Substance Use, Abuse, or Addiction: What’s the difference?

Substance use and addictionIn the world of substance use treatment, there are various terms that can become confusing when one begins treatment or are new on their journey of recovery. One area of confusion is understanding the difference between substance use, abuse, and addiction. 

When a person can define and fully understand what they are experiencing, it can help them in the process of healing and making positive progress towards change. So, what’s the difference?  

Substance Use 

Substance use is the use of alcohol or other drugs in order to feel the effects of the substance in social settings or elsewhere. This may or may not lead to abuse or eventual addiction. This behavior can become harmful when the substance is used to excess, such as alcohol intoxication and then driving a vehicle.   

Substance Abuse 

Substance abuse is categorized by the experience of one or more of these factors while using alcohol or other drugs over a twelve-month period:  

  • Repeated issues with fulfilling obligations at work, school, or home due to substance use. Such as failure to show up to work.  
  • Continued substance use in physically dangerous situations. Such as entering negative social interactions in search of a substance.  
  • Repeated legal problems due to substance use, such as multiple DUIs.  
  • Recurring social or interpersonal problems due to the substance use or exacerbated by the substance use. Examples include a family member expressing concern for the increased substance use.  


Addiction is a pattern of use that can lead to a person experiencing three or more of the following symptoms over a twelve-month period:  

  • A person needs more and more of the substance to achieve euphoria or the feeling of being high, which is defined as tolerance.  
  • Experiencing withdrawal symptoms – physical symptoms when alcohol or another drug is not being used. A few of these symptoms are nausea, shaking, vomiting, anxiety, and/or seizures.  
  • The substance is taken in a larger quantity over a longer period of time 
  • There are unsuccessful efforts put towards stopping the use of the substance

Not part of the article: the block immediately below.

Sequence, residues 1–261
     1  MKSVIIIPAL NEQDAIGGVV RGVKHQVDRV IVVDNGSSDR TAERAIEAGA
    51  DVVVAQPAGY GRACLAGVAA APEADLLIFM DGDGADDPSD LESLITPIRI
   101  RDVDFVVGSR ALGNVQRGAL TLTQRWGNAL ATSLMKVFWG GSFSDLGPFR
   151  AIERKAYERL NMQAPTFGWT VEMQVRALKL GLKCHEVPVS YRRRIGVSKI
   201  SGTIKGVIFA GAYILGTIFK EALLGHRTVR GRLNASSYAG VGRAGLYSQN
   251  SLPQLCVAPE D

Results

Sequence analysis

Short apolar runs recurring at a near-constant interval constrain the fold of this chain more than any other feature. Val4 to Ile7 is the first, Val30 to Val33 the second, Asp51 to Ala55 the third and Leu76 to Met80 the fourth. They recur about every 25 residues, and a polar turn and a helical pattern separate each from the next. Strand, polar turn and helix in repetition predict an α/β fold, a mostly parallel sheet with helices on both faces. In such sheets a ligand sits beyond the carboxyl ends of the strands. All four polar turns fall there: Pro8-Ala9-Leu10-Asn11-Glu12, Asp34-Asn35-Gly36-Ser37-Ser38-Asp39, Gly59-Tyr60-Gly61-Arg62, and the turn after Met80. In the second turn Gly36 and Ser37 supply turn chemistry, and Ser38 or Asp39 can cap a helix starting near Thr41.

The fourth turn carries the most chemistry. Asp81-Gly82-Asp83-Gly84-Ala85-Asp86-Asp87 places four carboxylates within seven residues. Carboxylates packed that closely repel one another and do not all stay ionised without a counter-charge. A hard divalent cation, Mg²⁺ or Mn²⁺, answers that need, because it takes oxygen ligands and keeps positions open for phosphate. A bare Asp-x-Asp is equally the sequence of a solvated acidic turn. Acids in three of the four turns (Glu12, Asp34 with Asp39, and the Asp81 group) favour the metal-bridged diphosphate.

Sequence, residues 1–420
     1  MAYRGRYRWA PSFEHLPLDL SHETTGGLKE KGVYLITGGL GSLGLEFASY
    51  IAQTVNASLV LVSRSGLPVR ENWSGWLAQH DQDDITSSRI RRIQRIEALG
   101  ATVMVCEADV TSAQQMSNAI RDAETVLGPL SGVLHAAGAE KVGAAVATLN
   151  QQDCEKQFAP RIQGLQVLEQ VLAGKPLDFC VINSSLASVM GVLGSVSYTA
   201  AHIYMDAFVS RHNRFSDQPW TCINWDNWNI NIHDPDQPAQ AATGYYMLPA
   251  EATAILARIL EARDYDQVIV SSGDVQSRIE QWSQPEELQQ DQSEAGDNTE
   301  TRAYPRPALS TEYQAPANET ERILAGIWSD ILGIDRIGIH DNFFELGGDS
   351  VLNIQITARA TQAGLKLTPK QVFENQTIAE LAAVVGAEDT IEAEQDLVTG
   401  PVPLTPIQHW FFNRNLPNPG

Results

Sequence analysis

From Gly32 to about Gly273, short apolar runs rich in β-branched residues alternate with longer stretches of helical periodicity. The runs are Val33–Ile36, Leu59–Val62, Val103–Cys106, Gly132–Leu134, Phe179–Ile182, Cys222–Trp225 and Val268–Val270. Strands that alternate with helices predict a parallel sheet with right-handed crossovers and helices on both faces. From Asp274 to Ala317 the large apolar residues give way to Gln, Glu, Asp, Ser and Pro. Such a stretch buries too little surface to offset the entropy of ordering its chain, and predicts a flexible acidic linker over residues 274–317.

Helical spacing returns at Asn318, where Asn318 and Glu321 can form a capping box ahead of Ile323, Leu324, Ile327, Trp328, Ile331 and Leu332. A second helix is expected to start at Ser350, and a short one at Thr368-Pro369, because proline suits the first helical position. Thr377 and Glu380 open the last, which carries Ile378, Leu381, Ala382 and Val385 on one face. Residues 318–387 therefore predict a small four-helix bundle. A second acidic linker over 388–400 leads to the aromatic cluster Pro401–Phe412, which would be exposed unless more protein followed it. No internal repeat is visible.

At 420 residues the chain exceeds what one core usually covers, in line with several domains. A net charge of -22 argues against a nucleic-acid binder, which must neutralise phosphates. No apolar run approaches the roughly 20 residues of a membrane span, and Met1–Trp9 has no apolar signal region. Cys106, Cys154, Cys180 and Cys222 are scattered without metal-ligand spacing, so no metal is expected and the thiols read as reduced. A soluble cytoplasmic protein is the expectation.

• A large amount of time is spent on obtaining the substance, using the substance, or recovering from the substance’s effects.  
  • Social, occupational, or recreational activities are affected due to the use of the substance.  
  • The use of the substance continues despite the knowledge that psychological or physical problems are caused by the substance or exacerbated by the substance.  

Treatment can vary depending on where a person is in terms of their substance use, abuse, or addiction. If you have any questions about starting a treatment program or seeking support for anything mentioned above, please reach out to us here at Healthy Minds Therapy. Feel free to ask for Sarah Chun.  


The information above sourced from: 


About Sarah Chun

Sarah is a Resident in Counseling providing counseling services through our Alexandria location. She completed her Master’s in Clinical Mental Health Counseling with a Certificate in Addictions Studies from Immaculata University. She received her Bachelor’s degree in Psychology and Music: Vocal Performance from American University in Washington, D.C. Sarah is a National Certified Counselor and a member of the American Counseling Association. Sarah is pursuing her License in Professional Counseling (LPC) for the state of Virginia and is working towards a certification in TF-CBT. To learn more about Sarah, click HERE

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